New U.S. GEM Report Gives Hope for Entrepreneurship in a Post-COVID World

Shutterstock image of the Golden Gate Bridge and the San Francisco skyline

In 2019, U.S. entrepreneurship rates were the highest they had ever been. And, the country’s gender gap, comparing entrepreneurship rates between men and women, narrowed to a mere two percentage points—an all-time low and one of the smallest in the world.

Fast forward to 2020.

The United States is about eight months into its battle against the global, COVID-19 health crisis. While the pandemic has brought new challenges to entrepreneurship, it seems that those well-equipped to adapt, and eager to capitalize on opportunity, are thriving in light of it all.

While researchers work well into next year to quantify the true impacts of COVID-19 on ventures around the world, Babson College’s new U.S. Global Entrepreneurship Monitor (GEM) Report showcases how at its peak, and when well-supported, entrepreneurship is this country’s most powerful tool for economic advancement and post-pandemic revival.

Entrepreneurial Leadership Is the Answer …

This report went to press just as “the future of entrepreneurship in the United States was uncertain,” said co-author and Babson College Professor Donna Kelley. “Yet, it offers a lens into what entrepreneurship looked like before the onset of the pandemic, a time when the economy was humming along and entrepreneurs were thriving.”

Of the country’s 202 million working-age adults, 27%, or 54.4 million, were starting or running a business they own and manage—each generating their own source of income, and creating countless jobs for others.

Among these entrepreneurs, nearly 33% expect to create six or more jobs in the next five years.

“Today, a traumatized global community seeks new insights into economic healing and financial wellness,” said Babson College President Stephen Spinelli Jr. MBA’92, PhD. “Entrepreneurial leadership is the answer. Indeed, problem solving becomes an opportunity to create value when viewed through the lens of entrepreneurship.”

Cannot Be Underestimated …

It is entrepreneurial leaders, both in the startup sense and within innovation arms of large corporations, who have refocused their efforts on mass production of personal protective equipment, turned a Navy ship into a hospital on the shores of New York City, and are leading the race for a COVID-19 vaccine.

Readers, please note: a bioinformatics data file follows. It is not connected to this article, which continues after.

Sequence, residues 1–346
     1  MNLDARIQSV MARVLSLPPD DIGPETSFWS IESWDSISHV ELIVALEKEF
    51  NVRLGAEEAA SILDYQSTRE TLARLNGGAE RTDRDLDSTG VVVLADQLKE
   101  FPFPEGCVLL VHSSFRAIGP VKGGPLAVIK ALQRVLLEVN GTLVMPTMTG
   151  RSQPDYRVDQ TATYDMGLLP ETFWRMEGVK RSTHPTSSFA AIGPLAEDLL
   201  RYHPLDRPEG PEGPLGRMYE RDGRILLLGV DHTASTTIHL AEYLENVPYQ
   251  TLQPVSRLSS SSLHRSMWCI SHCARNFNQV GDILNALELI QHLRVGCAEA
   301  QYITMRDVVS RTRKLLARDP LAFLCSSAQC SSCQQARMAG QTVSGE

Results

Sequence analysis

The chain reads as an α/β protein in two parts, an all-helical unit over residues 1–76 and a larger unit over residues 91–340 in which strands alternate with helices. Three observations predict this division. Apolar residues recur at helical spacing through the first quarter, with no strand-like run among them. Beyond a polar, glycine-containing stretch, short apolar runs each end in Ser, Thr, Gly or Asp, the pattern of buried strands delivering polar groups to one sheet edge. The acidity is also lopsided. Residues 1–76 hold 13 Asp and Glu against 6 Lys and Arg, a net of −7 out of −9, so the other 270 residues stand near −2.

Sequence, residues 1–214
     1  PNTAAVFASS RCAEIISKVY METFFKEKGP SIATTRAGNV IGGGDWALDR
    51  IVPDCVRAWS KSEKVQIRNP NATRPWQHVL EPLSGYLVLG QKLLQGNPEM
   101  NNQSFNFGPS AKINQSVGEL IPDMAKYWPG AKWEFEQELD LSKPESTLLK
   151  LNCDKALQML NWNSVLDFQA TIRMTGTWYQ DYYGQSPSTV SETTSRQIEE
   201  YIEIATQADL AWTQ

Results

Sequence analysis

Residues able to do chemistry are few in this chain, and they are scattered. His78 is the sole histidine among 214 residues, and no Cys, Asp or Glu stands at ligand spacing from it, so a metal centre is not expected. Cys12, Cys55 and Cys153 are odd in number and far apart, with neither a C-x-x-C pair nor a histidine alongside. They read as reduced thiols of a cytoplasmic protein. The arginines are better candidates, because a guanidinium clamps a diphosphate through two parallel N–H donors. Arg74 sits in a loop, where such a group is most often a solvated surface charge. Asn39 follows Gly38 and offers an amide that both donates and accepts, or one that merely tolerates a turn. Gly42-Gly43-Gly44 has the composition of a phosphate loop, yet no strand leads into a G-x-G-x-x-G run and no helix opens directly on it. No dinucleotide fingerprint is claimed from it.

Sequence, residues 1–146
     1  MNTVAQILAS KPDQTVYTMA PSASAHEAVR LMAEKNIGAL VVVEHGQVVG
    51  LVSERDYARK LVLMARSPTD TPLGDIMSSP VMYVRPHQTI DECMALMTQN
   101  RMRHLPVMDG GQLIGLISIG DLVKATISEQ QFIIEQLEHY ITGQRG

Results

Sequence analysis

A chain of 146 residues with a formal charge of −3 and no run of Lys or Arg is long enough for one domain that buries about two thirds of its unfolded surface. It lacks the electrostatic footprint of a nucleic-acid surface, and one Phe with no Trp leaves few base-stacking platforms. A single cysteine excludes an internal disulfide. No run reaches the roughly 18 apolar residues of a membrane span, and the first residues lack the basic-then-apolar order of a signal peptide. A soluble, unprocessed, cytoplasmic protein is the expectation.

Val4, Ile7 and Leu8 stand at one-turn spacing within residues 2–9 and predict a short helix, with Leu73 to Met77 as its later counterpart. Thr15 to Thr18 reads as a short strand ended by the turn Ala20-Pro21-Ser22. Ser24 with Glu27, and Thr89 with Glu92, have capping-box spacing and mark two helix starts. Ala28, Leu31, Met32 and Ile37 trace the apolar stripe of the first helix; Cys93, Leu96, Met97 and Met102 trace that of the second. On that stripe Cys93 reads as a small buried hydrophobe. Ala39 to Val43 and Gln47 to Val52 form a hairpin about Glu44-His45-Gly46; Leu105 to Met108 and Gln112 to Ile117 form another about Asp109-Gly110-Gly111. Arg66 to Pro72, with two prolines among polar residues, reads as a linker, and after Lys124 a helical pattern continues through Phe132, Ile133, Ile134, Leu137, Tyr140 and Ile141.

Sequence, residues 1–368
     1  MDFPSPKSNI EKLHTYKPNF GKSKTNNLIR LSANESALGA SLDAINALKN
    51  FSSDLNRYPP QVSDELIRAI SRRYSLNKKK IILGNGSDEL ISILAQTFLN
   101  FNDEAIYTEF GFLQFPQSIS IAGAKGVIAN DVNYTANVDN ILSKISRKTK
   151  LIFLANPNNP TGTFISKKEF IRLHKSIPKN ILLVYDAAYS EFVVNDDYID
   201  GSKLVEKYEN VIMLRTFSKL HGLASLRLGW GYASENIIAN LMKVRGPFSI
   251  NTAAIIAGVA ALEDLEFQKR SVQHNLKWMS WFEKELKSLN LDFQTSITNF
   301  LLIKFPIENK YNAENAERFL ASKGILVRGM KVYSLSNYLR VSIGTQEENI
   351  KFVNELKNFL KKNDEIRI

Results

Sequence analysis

Leading up to the pandemic in 2019, entrepreneurial intentions in the United States had increased more than 10% since 2018—hopefully a kicking-off point that helped so many to innovate and advance necessary ideas in response to COVID-19.

“The importance of entrepreneurship to the U.S. economy cannot be underestimated,” Kelley said. “Of note are entrepreneurs who transform ideas into novel solutions that together advance society and improve well-being.”

Another positive trend for the U.S. economy comes in the form of serial entrepreneurship. The GEM team found that nearly half or more (48–53%) of all U.S. entrepreneurs have started or were running more than one venture.

So, whether they are starting new businesses as a result of new opportunities, or because their first business did not pan out, one thing is clear—U.S. entrepreneurs are driven, opportunistic, and certainly resilient.

And Proves Most Effective When Supported

On GEM’s 10-point expert rating scale that measures cultural and social norms conducive to entrepreneurship, the United States sits at 7.7. Among the 32 developed economies surveyed by GEM, this is the highest rating.

Entrepreneurial finance in the U.S. also stands above the rest on the expert rating scale at 6.0

“Economic conditions and outlook significantly affect entrepreneurial activity and aspirations,” Kelley said. “Though no one could anticipate such an unprecedented and widespread crisis, our 2019 findings show a robust economy and the longest stretch of economic expansion in American history leading up to the pandemic.

“One can look back to the experience of the 2008 financial crisis, and forward to next year’s GEM results for lessons learned from the COVID-19 crisis,” she added. “But, this report will contribute in its own way to an evolving understanding about the nature and cycles of entrepreneurship in the United States over time.”

Posted in Community

More from  »